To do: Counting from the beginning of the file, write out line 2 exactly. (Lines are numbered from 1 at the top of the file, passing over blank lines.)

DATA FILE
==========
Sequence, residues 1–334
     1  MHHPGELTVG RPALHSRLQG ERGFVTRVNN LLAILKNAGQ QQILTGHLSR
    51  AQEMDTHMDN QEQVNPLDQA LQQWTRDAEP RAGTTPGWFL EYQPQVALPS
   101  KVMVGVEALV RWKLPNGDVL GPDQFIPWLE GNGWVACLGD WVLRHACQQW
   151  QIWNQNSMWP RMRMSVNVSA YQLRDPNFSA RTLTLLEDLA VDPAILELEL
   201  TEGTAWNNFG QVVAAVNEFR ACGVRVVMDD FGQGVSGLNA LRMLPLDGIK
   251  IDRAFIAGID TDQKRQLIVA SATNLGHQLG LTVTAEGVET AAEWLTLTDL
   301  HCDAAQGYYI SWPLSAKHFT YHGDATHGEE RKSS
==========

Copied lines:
     1  MHHPGELTVG RPALHSRLQG ERGFVTRVNN LLAILKNAGQ QQILTGHLSR